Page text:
Why the #USelections are also Africa’s (and the world’s)

It’s that time again when Americans from all socio political backgrounds go to the voting stations to elect the person they believe will drive significant change in our country. But what many of us don’t necessarily realize is that the next American president has the chance to pave not only the future of the United States, but also the world.

Many American voters in this election are forgetting (or simply don’t know) that our President represents us not only at home, but in global forums. The President appoints ambassadors, who can create, build, and destroy geopolitical relationships. Having someone respectful, intelligent and poised is crucial if we expect to be taken seriously in trade deals, peace agreements, and other international negotiations.

I have experienced how Presidents can affect our reputations abroad. I first arrived in Cameroon during the Bush administration, where I was often made fun of as being a gun-toting, Iraq hating “Bush lover.” I was asked why we didn’t take to the streets when he “stole the election” during the Florida Recount. People judged me, and my country, simply based on the man in charge.

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Me at the Barack Obama Senegal Shop in the HLM market in Dakar in 2009

.This worked in my favor arriving in Senegal in 2009, where I saw shops named after Barack Obama on streets and fabrics with his face from Mali, Tanzania and more. I received praise for being a citizen of the country that elected their first black president. In this CNN article about how the world views the US election, a South African journalist sums up how Africans viewed Obama by saying that “when [he] was running for the White House, it felt like a home race — and then a home run — for many South Africans. We were transfixed, as was most of sub-Saharan Africa, at the sight of this young, lanky, beautiful, clever, black man stepping up to take one of the most powerful jobs in the world.” Even my friends from Netherlands, Norway, Scotland, Iceland, India and more all loved Obama. Our leader shapes the way we as individuals are viewed abroad.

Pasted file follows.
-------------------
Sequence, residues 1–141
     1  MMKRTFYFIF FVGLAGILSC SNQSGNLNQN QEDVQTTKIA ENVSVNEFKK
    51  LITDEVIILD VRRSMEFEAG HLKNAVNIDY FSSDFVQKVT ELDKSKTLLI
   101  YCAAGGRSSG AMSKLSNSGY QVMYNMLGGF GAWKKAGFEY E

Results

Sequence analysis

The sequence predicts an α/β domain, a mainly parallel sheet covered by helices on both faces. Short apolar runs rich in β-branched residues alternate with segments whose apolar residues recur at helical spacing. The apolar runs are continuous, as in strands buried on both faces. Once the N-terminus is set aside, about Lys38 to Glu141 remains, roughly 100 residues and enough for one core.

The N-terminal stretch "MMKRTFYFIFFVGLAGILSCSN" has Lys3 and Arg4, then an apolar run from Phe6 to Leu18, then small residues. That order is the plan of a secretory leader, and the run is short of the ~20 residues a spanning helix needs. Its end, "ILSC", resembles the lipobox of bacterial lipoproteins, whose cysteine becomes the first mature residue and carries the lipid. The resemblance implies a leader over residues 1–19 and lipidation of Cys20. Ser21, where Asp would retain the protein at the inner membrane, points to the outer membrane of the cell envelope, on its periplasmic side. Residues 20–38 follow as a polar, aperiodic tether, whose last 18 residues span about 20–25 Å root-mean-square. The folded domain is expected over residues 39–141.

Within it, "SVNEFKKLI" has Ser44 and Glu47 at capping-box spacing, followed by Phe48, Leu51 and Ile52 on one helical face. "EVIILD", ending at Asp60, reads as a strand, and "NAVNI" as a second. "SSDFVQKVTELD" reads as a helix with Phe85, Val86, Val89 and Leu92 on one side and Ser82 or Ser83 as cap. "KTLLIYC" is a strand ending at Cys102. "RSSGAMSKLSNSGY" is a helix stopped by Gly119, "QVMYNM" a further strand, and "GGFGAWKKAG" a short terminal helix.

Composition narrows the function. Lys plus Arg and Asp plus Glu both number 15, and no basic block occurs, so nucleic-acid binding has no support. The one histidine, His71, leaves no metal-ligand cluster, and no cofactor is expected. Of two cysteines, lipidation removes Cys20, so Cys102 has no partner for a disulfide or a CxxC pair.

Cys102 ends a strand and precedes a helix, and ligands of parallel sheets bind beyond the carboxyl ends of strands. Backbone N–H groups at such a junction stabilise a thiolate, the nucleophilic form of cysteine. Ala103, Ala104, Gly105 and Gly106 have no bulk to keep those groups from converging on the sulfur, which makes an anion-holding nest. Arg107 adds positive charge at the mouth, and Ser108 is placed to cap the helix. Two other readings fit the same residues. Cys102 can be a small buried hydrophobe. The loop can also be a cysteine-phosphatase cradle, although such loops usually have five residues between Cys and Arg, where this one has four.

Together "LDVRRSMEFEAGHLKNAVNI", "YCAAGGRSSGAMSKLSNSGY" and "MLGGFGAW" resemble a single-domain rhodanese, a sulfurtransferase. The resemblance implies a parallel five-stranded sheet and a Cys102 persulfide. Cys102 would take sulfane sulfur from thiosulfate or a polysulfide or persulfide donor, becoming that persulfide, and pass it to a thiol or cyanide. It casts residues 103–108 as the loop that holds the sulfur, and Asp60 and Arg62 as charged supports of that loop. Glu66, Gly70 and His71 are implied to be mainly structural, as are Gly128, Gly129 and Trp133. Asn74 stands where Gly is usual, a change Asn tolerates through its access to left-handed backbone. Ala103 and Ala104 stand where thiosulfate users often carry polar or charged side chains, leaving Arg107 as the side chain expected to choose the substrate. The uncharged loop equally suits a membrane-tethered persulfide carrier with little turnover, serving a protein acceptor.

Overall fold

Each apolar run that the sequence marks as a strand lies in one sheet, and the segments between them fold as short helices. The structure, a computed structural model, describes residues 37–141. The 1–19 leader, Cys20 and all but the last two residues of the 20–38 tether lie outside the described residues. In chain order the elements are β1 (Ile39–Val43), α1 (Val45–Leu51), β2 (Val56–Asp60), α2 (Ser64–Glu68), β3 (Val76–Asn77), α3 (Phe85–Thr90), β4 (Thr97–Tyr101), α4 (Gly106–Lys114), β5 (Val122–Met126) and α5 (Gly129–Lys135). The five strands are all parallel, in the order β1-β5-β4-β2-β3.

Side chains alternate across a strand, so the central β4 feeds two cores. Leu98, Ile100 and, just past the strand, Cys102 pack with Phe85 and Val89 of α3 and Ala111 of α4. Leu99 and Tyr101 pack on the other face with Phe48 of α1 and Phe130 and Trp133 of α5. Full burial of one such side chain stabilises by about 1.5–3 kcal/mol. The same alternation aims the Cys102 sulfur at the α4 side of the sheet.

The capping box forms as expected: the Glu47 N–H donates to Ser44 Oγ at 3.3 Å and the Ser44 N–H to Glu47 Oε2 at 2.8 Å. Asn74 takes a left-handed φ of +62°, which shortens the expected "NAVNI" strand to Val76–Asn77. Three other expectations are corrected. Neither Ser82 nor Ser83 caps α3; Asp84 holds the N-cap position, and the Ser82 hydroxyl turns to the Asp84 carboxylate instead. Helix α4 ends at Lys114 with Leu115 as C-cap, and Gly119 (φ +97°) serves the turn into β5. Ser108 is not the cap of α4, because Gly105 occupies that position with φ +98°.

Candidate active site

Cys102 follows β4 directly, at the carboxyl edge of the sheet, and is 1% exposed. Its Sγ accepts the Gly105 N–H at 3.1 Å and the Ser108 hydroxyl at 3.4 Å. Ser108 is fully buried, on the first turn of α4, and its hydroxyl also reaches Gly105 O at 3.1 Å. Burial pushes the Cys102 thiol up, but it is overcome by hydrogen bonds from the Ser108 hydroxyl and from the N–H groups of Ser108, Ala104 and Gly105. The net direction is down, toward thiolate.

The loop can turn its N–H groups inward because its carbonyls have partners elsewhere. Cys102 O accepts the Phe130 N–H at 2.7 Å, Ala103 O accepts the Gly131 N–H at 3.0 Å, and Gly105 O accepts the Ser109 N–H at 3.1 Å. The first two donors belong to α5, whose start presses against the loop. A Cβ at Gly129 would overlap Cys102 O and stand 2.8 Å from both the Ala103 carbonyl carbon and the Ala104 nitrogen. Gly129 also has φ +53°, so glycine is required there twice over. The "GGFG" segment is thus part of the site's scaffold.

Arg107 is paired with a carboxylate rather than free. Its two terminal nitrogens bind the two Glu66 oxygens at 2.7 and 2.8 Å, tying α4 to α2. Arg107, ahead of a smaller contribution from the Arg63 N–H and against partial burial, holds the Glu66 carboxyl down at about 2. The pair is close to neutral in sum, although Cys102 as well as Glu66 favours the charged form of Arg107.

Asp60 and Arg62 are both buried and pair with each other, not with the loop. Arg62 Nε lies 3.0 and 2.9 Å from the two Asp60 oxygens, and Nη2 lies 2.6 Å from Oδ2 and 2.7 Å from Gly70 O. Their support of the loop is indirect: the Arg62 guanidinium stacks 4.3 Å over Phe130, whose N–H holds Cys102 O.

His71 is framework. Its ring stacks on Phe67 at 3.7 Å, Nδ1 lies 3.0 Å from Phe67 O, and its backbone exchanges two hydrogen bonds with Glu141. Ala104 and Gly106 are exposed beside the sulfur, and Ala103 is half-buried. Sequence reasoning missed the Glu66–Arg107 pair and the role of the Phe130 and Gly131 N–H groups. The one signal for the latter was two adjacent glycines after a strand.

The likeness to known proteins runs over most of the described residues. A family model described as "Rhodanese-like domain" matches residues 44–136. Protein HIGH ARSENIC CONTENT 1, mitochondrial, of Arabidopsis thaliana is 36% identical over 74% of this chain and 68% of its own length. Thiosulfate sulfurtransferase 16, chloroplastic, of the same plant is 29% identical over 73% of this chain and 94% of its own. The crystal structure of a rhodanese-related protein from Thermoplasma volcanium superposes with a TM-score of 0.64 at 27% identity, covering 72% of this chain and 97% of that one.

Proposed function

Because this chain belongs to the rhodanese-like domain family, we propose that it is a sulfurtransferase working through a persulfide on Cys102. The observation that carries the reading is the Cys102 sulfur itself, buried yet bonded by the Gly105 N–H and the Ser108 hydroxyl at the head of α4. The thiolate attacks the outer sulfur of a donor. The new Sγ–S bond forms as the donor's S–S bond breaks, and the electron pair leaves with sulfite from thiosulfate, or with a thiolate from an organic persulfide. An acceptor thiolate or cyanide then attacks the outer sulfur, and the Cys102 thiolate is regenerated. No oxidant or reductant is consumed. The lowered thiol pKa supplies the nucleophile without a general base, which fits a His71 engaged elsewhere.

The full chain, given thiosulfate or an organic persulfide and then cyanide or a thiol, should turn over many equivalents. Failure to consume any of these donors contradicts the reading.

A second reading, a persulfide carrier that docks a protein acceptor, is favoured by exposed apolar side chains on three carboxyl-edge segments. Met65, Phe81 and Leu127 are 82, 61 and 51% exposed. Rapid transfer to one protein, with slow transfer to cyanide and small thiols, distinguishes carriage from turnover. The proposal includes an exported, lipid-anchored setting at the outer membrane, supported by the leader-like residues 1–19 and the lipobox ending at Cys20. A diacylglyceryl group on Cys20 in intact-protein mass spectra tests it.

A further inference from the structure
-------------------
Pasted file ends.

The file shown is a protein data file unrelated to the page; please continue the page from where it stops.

This past August, I was in Uganda, and a man asked where I am from. When I said America, he looked at me concerned. He asked, “Aren’t you afraid when you go home? You have too many guns, people are dying every day. Here in Uganda, we have peace. I hope your next President will help you.”  Uganda has a long history of armed conflict, so you can imagine my surprise to hear his fear for my safety. This simple interaction made me realize that we are heading in a dangerous direction for our international reputation again. Even a friend of mine from Nigeria has started writing to express his concerns about the US election, and has sent them to his American friends to urge them to vote.

Africans, both on the continent and living in the US, are mainly concerned with the issue of immigration. While most people would agree there is a need for immigration reforms in the US, many forget to put Africa in the equation.  In 2014, Africans in the diaspora sent home $33 billion to their relatives to start a business, pay for education and healthcare. If immigration regulations become stricter, Africans who rely on money sent from their relatives living in the US will lose their access to education, health, and basic necessities. The new President’s immigration policy will not only affect those residing in our country, but millions of Africans living on the continent who rely on this money.